Mellanox pushing hard on data center Infiniband

By MATT VINCENT, Senior Editor -- Mellanox Technologies (NASDAQ:MLNX) has rolled out its 2nd generation of InfiniBand switches--as well as a proprietary cabling package--to support more users in the data center, networking and management, and server and storage channels.

By MATT VINCENT, Senior Editor -- Mellanox Technologies (Yokneam, Israel - NASDAQ:MLNX) has rolled out its second generation of InfiniBand switches and the latest version of its associated FabricIT chassis management application -- as well as a proprietary cabling package -- to support a wider range of users, specifically in the data center, networking and management, "Next Gen" network, and servers and storage channels.

This week's tandem product introductions fullfil a plan revealed in mid-2009, when the company said that it would release a family of switches, as well as a cabling platform, which was also announced this week. The company now offers IS5000 20 and 40 Gb/s switches ranging from 36 up to 648 ports.

InfiniBand offers more bandwidth and better performance than other networking protocols, in particular, because of its very low latency. "Our switch's latency is 100 nanoseconds," laughs John Monson, vice president of marketing for Mellanox. "Our nearest competitors are 125 to 180 nanoseconds."

According to Monson, while this doesn't sound like much of a adds up. "Each time they have these communications, they have a delay," he notes. "If you think about that many translations through the switch, it all multiplies."

Applications that require such high performance and low latency include simulations in industry and government, says Monson. (He further revealed that one customer "is moving from 2D fluid dynamics to 3D, and can only do so the new generation of [Mellanox] equipment.")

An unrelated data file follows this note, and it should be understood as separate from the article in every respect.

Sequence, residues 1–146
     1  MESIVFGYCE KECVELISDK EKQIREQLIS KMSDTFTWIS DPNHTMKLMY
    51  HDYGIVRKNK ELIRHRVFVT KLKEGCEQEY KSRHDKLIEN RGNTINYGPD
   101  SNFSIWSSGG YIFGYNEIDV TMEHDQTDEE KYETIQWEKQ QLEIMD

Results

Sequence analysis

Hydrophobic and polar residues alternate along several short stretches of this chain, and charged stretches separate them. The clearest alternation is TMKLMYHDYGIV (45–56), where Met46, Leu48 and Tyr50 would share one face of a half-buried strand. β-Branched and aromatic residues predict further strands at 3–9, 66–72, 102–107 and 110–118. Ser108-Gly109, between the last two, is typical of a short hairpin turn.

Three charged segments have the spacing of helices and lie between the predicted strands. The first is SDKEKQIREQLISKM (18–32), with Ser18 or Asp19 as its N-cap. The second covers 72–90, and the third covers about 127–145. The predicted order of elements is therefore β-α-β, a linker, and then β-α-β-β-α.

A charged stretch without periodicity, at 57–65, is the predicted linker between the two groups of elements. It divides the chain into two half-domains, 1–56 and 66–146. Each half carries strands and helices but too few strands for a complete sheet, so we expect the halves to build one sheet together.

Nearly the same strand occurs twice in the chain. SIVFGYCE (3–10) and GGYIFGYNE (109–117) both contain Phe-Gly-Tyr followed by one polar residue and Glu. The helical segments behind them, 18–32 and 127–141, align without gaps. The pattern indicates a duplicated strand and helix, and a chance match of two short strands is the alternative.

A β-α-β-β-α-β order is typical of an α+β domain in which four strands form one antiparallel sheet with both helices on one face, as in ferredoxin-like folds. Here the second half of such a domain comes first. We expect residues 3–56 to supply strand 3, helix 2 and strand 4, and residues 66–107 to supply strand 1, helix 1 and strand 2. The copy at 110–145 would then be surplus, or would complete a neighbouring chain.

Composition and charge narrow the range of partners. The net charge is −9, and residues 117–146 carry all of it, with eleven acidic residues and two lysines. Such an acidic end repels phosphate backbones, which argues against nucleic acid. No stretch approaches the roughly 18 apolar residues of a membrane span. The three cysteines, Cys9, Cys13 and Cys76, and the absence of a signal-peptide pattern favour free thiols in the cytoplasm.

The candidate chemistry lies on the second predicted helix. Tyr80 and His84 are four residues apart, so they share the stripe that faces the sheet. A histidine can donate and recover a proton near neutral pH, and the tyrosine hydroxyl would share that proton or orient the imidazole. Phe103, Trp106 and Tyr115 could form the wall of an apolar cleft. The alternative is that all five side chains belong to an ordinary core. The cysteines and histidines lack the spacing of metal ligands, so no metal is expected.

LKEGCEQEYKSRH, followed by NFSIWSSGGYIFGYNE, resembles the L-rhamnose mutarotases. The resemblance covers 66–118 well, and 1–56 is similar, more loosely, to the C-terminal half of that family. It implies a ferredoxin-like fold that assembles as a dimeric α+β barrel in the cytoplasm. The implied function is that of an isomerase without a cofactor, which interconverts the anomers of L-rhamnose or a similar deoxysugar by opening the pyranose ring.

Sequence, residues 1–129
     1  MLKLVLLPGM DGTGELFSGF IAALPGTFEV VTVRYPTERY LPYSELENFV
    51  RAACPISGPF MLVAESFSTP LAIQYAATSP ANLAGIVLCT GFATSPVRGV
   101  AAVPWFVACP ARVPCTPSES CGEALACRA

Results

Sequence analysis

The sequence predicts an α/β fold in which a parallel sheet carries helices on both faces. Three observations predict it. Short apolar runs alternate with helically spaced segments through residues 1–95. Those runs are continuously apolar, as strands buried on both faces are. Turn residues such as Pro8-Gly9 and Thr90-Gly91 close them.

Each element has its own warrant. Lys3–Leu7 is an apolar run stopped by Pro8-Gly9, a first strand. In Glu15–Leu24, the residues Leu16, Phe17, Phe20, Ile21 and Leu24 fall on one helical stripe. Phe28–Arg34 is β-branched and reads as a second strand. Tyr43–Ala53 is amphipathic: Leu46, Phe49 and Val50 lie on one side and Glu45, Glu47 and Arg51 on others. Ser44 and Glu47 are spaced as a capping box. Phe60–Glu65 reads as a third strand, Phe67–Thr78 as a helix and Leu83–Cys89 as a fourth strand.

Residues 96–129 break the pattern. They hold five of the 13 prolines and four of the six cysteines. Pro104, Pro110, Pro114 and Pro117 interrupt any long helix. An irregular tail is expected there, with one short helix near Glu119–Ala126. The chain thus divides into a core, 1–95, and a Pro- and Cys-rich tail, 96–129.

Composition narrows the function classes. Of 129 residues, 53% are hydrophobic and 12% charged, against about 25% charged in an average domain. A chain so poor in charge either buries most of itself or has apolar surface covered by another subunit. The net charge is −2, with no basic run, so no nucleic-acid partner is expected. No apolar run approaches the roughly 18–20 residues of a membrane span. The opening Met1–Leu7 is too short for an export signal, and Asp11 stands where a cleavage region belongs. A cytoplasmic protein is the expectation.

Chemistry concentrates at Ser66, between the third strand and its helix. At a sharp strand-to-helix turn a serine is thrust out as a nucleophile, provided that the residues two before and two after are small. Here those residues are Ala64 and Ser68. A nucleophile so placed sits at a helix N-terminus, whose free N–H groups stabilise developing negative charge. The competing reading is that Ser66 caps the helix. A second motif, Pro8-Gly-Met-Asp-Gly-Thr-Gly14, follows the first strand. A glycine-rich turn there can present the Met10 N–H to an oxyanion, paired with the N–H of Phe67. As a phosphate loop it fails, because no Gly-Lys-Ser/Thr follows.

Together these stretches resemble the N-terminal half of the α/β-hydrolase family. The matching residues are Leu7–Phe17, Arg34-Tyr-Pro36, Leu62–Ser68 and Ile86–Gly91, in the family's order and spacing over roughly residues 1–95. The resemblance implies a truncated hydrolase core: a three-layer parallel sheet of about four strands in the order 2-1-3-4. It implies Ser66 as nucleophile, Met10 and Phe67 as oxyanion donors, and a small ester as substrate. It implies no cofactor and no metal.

In conjunction new multi-core processors from Intel and AMD, the overall result in the data center is a chance for significantly higher efficiency, which may allow for improved performance with reduced cost of ownership.

Data center managers take note: "Operating expenses drop because you require fewer servers to do the same job, so the infrastructure shrinks," Monson says. "While a gigabit Ethernet network might be 50 percent efficient, an InfiniBand network could offer 90 to 95 percent efficiency."

Each port of the new Mellanox switches can offer 40Gbps, meaning that a 648-port switch ultimately pans out into throughput of 51.8Tbps -- more than half a Petabyte. Mellanox contends that this scenario provides 4x the bandwidth at the same price point as 10GbE, meaning users can cut the number of servers in half due to the efficiency and utilization of the resource.

Bottom line, while other vendors supply InfiniBand hardware, Mellanox claims its platform offers 20 to 30 percent less latency as a result of the company having realized its fourth generation of silicon.

"Though InfiniBand has been criticized for requiring special cabling, that's going to be required no matter which networking technology is used," points out Monson. "Any way you slice it, when you go to the next generation of capabilities, you are likely going to need to change your ecosystem relative to cable."

"The Mellanox announcements offer more of an end-to-end approach that makes the networks easier to acquire for users," opines Jie Wu, research director of technical computing for IDC analyst firm, and Mellanox champion. "Users only need to deal with one vendor because the company has a wide range of product offerings, including the cabling."

"In addition," adds Wu, "Due to its improved silicon and technology as well as its fabric management software and cable certification and testing procedures, users are likely to see better performance than with competing products."

The new products are now available, though pricing information is not, as of yet.

(My takeaway from that little detail is this: Data center managers, make your bids. And if you do get a line in on pricing info, feel free to contact me and/or Chief Editor Patrick McLaughlin for a little intelligence sharing. Because price is everything in this economy, no?)

-- Matt Vincent, Senior Editor, CIM and ICW (


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